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Tag Archives: history

Think About Pink: Letters

Title: Think About Pink: Letters

Author: Various

Publication: New York Times

Publication Date: November 26, 2010

We read with concern Peggy Orenstein’s opinions about breast-cancer-awareness tactics and believe that another point of view must be considered. Orenstein’s ridicule of the impact of the pink ribbon is offensive to the millions who wear it proudly and who participate in raising awareness and much-needed funds for research, in a world where more than 450,000 people still die from breast cancer every year. The pink ribbon is a worldwide symbol, promoting awareness and galvanizing support from individuals and businesses, large and small. Their generosity has allowed our organization to devote $1.5 billion to research, education, detection, treatment and support programs.

The enemy in this fight is not a color or a ribbon; it is a disease that too often leads to suffering and death, and against which we still need major advances.

Founder and C.E.O.
Susan G. Komen for the Cure

Chairman, Susan G. Komen Scientific Advisory Board

Link to All Letters

Think About Pink

Title: Think About Pink

Author: Peggy Orenstein

Publication: New York Times

Publication Date: November 12, 2010

[I]t’s hard to remember that, not so long ago, the phrase “breast cancer” was not something women spoke aloud, even among themselves. It wasn’t until the early 1970s, with the high-profile diagnoses of the former child star Shirley Temple Black, the first lady Betty Ford and Happy Rockefeller that the disease went public. A short time later, Betty Rollin, an NBC-TV correspondent, published the groundbreaking memoir “First You Cry.” Back then, her grief over losing her breast and the blow cancer dealt to her sex life was greeted with hostility by some critics and dismissed as frivolous. Mammography was just coming into use to detect early-stage tumors. The American Cancer Society was still resisting the idea of support groups for post-mastectomy patients. A woman like Rollin, some said, was supposed to be grateful that she qualified for a radical mastectomy, stuff a sock in her bra and get on with it.

Fast-forward to today, when, especially during October, everything from toilet paper to buckets of fried chicken to the chin straps of N.F.L. players look as if they have been steeped in Pepto. If the goal was “awareness,” that has surely been met — largely, you could argue, because corporations recognized that with virtually no effort (and often minimal monetary contribution), going pink made them a lot of green.

Link to Full Article


Breast Cancer Tales: The Inspirational vs. the Actual

Title: Breast Cancer Tales: The Inspirational vs. the Actual

Author: Abigail Zuger

Publication: New York Times

Publication Date: October 25, 2010

Before penicillin came along, syphilis was known in medical circles as “the great mimicker,” a stealthy disease able to mangle the human body in virtually all known ways. “Know syphilis and you know medicine,” professors would tell their students.

Exactly the same thing might be said of breast cancer these days — but not in the same circles. Rather, it is the social scientists who get to contemplate the full panorama of human reaction to disease by studying the fallout from a single one: all the shades of anguish and anger, the posturing, the politics and the cartloads of wishful thinking, all wrapped up in a big pink ribbon.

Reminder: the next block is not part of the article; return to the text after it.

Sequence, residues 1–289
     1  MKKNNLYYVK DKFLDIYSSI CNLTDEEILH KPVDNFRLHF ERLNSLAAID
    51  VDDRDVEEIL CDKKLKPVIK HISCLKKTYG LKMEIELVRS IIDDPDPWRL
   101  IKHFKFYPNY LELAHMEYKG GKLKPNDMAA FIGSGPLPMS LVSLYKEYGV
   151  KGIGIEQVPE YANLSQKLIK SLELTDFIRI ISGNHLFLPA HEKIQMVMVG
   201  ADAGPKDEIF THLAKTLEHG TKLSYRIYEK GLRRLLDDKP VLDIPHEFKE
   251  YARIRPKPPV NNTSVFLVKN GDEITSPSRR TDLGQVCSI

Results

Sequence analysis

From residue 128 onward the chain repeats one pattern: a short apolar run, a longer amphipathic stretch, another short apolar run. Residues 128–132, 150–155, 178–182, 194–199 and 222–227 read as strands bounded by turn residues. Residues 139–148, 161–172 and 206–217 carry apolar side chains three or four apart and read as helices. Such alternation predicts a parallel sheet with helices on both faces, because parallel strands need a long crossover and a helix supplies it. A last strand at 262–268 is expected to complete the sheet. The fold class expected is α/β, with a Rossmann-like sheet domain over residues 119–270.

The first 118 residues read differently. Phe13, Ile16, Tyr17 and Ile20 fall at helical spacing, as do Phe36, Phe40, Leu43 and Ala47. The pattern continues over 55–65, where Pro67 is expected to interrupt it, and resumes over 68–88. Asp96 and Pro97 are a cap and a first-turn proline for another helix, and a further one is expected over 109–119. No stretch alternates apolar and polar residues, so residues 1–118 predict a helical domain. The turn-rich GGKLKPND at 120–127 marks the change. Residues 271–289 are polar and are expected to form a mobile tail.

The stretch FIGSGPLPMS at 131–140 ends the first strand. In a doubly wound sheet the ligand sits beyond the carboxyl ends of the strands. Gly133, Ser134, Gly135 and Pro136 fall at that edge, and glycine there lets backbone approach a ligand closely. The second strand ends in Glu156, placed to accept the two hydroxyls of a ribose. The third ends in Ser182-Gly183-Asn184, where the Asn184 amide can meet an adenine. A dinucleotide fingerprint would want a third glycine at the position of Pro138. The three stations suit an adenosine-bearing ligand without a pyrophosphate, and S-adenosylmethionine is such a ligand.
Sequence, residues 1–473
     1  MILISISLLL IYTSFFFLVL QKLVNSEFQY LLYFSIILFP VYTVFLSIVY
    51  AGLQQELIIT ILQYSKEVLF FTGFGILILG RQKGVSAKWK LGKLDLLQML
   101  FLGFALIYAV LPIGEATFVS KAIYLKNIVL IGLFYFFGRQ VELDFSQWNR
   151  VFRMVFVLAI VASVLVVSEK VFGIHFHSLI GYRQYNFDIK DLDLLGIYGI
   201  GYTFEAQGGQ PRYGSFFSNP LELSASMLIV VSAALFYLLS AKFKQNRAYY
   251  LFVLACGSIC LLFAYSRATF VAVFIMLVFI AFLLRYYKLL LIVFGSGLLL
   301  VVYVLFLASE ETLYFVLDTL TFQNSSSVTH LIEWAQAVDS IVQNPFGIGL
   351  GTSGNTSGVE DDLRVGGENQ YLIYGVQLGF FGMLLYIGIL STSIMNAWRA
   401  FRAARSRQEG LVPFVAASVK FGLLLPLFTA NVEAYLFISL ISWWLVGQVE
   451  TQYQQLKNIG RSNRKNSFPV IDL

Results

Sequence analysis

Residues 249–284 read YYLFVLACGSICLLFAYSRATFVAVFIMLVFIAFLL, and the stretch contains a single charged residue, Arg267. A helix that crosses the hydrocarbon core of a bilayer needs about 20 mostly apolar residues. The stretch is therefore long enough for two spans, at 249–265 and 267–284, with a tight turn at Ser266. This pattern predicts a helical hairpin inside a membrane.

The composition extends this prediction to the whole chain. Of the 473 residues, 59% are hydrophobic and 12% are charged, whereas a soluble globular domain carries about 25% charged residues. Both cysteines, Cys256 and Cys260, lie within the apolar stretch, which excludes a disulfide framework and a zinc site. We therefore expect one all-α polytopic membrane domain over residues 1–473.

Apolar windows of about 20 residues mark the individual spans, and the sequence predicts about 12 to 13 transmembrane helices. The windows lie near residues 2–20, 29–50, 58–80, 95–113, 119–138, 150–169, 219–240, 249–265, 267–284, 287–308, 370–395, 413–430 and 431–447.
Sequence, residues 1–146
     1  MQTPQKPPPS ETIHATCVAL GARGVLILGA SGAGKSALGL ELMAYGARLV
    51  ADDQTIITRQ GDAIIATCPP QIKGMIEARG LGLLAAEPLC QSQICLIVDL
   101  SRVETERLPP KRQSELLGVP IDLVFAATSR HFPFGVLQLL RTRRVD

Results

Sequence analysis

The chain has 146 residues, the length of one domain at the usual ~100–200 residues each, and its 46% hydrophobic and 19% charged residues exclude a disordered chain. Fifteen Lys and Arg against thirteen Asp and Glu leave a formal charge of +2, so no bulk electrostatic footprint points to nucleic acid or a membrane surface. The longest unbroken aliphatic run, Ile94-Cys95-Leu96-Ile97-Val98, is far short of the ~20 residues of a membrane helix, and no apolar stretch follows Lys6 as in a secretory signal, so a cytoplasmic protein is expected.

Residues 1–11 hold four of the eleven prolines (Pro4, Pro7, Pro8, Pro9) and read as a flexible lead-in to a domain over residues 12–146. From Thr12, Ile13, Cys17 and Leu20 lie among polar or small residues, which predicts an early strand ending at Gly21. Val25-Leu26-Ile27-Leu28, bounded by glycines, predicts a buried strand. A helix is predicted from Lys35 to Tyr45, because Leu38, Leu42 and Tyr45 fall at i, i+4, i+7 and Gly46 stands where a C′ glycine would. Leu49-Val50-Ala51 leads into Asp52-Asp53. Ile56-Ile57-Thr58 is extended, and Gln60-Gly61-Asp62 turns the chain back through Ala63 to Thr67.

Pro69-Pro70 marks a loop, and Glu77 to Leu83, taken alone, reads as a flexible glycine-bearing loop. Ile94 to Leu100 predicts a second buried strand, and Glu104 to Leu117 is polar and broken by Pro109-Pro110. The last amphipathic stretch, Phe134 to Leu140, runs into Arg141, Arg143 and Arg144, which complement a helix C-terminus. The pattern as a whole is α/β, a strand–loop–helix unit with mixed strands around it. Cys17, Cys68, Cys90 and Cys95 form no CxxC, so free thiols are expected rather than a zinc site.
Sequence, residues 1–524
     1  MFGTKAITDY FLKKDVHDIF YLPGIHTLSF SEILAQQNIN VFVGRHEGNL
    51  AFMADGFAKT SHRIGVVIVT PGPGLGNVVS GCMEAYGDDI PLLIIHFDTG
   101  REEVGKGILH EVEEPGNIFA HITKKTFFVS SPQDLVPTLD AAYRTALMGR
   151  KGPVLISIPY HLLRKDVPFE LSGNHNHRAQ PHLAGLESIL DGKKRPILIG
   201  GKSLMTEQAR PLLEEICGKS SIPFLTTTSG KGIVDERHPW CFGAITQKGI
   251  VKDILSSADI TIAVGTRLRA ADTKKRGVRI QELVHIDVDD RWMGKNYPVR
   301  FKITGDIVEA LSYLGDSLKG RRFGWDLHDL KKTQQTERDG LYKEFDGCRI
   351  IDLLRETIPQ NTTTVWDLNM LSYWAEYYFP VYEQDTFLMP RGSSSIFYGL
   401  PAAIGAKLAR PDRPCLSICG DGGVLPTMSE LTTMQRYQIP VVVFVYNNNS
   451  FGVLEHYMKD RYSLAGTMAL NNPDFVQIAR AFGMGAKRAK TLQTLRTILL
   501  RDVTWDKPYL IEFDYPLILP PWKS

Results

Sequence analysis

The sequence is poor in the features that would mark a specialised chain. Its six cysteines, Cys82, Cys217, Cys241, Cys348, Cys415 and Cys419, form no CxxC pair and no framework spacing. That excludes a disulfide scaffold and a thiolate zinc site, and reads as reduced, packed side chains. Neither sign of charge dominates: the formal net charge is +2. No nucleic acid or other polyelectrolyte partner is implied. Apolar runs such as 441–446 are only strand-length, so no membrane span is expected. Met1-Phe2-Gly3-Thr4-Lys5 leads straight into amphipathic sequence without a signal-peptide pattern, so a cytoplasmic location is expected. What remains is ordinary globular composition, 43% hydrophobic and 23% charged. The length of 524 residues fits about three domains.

Link to Full Article

Pink Ribbon Fatigue

Title: Pink Ribbon Fatigue

Author:  Barron H. Lerner

Publication:  New York Times Well blog

Publication Date: October 11, 2010

Another Breast Cancer Awareness Month is upon us, which will mean lots of pink ribbons.

The pink ribbon has been a spectacular success in terms of bringing recognition and funding to the breast cancer cause. But now there is a growing impatience about what some critics have termed “pink ribbon culture.” Medical sociologist Gayle A. Sulik, author of the new book “Pink Ribbon Blues: How Breast Cancer Culture Undermines Women’s Health” (Oxford University Press), calls it “the rise of pink October.”

“Pink ribbon paraphernalia saturate shopping malls, billboards, magazines, television and other entertainment venues,” she writes on her Web site. “The pervasiveness of the pink ribbon campaign leads many people to believe that the fight against breast cancer is progressing, when in truth it’s barely begun.”

Link to Full Article

This Campaign Thinks Pink

Title: This Campaign Thinks Pink

Author: Stuart Elliot

Publication: New York Times

Publication Date: January 29, 2007

An organization that has fought breast cancer for 25 years is marking its anniversary with a new name and a new logo as well as a new campaign that demonstrates a new attitude.

The organization, known as the Susan G. Komen Breast Cancer Foundation, is planning to spend more than $1 million to market its rebranding as Susan G. Komen for the Cure. The foundation is working with three agencies on its initiatives: Duffy & Partners in Minneapolis; TracyLocke in Dallas, part of the Omnicom Group; and the Irving, Tex., office of Weber Shandwick, part of the Interpublic Group of Companies.

The campaign began last week in print, outdoors and online, on a new dedicated Web site (25komen.org).

The new name for the foundation is intended to capitalize on the fact that, according to research, it is increasingly becoming known for fund-raising events like the Race for the Cure.

Link to Full Article